Beginnings in WIP Wednesday

I typed THE END twice yesterday: once on the novel A Raging Madness and once on the short story for my February newsletter. I hope today to finish the slightly longer short story I’m writing as a party prize, but meanwhile, I’ve edited the short story and written an entirely new beginning.

Novels show a journey: the beginning and the end might mirror one another, but they show the distance travelled. In short stories, we see a mere glimpse of the journey, and the focus is on one transformative moment for the main character. Since I mostly write romance, the focus is usually on making the relationship, and therefore the love, believable. So my beginning needs to kick us into the story quickly, and my end needs to tie the last knot neatly, preferably linking back to the beginning.

And the original beginning of ‘A souvenir from Scotland‘ just didn’t work.

This week, I’m inviting you to share a few paragraphs of beginning from your work in progress (novel, novella, or short story). The beginning of the work, if you will, or the beginning of a chapter if you prefer.

Here’s mine. (If you’d like to know what happens next, the full story will be a gift in my February newsletter):

York, 23 December 1815

Her brother was home. Megan Walsh almost rushed straight out into the evening air when her husband told her he had passed Ned’s place and seen lights on the floor that Ned rented, but Thomas persuaded her to wait for morning, and she managed it, just, though she read the cryptic note Ned had sent another twenty times before at last it was a sufficiently civilised hour to go calling.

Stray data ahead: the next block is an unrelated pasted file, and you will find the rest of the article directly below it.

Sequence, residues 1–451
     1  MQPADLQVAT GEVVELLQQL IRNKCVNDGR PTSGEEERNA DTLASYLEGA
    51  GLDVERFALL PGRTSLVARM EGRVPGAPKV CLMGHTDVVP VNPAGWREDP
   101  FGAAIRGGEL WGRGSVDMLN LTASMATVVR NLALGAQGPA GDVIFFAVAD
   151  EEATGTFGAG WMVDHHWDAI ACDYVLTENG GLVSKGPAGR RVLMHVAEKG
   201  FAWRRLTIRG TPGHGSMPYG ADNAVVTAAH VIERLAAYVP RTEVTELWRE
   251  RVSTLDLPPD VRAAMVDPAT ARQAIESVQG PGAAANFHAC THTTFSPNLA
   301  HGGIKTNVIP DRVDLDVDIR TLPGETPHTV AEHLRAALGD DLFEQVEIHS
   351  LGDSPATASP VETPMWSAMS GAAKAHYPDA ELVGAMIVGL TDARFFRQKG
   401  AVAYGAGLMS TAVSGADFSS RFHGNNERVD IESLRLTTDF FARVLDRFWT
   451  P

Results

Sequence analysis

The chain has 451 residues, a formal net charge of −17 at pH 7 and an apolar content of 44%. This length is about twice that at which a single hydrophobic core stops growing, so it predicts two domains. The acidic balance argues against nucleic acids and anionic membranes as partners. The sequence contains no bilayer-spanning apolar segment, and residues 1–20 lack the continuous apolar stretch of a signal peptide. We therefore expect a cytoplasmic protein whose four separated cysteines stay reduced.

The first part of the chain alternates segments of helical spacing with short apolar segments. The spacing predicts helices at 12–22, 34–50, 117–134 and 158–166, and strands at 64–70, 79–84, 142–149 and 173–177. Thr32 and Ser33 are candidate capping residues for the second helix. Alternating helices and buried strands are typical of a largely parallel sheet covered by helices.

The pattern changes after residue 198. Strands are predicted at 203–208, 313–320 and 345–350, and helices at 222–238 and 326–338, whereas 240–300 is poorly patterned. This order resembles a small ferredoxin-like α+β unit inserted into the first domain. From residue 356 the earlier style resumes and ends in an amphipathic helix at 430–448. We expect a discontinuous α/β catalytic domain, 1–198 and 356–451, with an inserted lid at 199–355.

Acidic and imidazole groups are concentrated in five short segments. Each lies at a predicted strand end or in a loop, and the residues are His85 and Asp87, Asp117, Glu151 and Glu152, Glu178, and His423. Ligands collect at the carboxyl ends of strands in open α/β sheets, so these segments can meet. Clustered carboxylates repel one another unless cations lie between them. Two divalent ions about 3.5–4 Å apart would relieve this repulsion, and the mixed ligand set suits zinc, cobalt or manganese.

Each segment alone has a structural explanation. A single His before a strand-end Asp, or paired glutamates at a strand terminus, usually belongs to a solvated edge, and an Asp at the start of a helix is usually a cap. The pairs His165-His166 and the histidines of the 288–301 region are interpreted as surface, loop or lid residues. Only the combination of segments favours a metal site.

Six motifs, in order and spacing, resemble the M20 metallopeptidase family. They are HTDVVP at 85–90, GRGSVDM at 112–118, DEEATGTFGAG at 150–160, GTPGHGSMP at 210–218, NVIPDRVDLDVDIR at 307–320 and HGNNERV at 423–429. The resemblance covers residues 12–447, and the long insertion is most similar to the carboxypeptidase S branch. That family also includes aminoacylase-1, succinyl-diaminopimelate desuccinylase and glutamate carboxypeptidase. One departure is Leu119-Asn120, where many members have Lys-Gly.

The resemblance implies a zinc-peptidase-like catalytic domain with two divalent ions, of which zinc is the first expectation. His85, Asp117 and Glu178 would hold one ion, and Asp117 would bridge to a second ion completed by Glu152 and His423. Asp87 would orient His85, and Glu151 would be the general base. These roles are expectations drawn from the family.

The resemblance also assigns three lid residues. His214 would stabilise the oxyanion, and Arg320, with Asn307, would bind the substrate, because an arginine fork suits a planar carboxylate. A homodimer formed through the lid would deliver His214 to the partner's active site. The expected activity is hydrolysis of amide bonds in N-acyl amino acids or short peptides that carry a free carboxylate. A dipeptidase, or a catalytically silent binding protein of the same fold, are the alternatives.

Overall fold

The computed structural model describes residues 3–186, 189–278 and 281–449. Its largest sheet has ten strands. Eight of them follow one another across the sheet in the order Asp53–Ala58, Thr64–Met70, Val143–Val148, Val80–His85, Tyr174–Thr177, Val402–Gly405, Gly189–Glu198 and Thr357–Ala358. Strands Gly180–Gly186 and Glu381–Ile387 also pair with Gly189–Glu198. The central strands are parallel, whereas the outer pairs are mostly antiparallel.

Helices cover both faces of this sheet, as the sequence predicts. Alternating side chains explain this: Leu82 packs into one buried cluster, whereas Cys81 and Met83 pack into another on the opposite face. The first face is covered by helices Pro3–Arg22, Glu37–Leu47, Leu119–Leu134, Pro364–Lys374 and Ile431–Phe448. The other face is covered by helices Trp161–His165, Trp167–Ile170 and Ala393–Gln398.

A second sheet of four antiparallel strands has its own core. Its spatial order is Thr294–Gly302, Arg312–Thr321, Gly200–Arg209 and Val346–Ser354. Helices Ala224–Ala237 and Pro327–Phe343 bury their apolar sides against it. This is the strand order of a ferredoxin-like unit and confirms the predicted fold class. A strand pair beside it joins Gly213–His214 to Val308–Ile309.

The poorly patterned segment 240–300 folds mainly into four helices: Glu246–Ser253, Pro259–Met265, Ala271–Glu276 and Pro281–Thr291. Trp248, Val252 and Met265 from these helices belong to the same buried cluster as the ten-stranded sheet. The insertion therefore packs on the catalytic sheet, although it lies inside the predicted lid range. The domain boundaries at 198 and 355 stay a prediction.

Yes, the landlady agreed, Mr Broderick was home, and Mrs Walsh would never guess…

But Megan hadn’t waited, hurrying up the stairs to knock on Ned’s door. He opened it himself, and she threw herself on him.

“Ned! I was so worried when you were a fortnight overdue and then I got your note. What a note, Ned. ‘On my way home. I have a surprise for you; something I found in Scotland. You told me I needed one, and you were right.’ I have racked my brains, Ned, and I cannot think what you mean.”

Ned took her arm, and led her through into the sitting room, and Thomas trailed behind. But they both stopped short when they found it was already occupied.

A small dark-haired woman, neatly dressed in a slightly old-fashioned gown, sat sipping tea by the fire, and she stood when they entered, looking wary.

“Ariadne, may I present my dear sister and her husband, Mr and Mrs Thomas Walsh? Megan, Thomas, please meet Mrs Broderick. Megan, I took your advice and got myself a wife.”

Ned looked so proud, and the woman so nervous, that Megan swallowed the sharply worded comment that came first to her tongue and instead just said, “How?”



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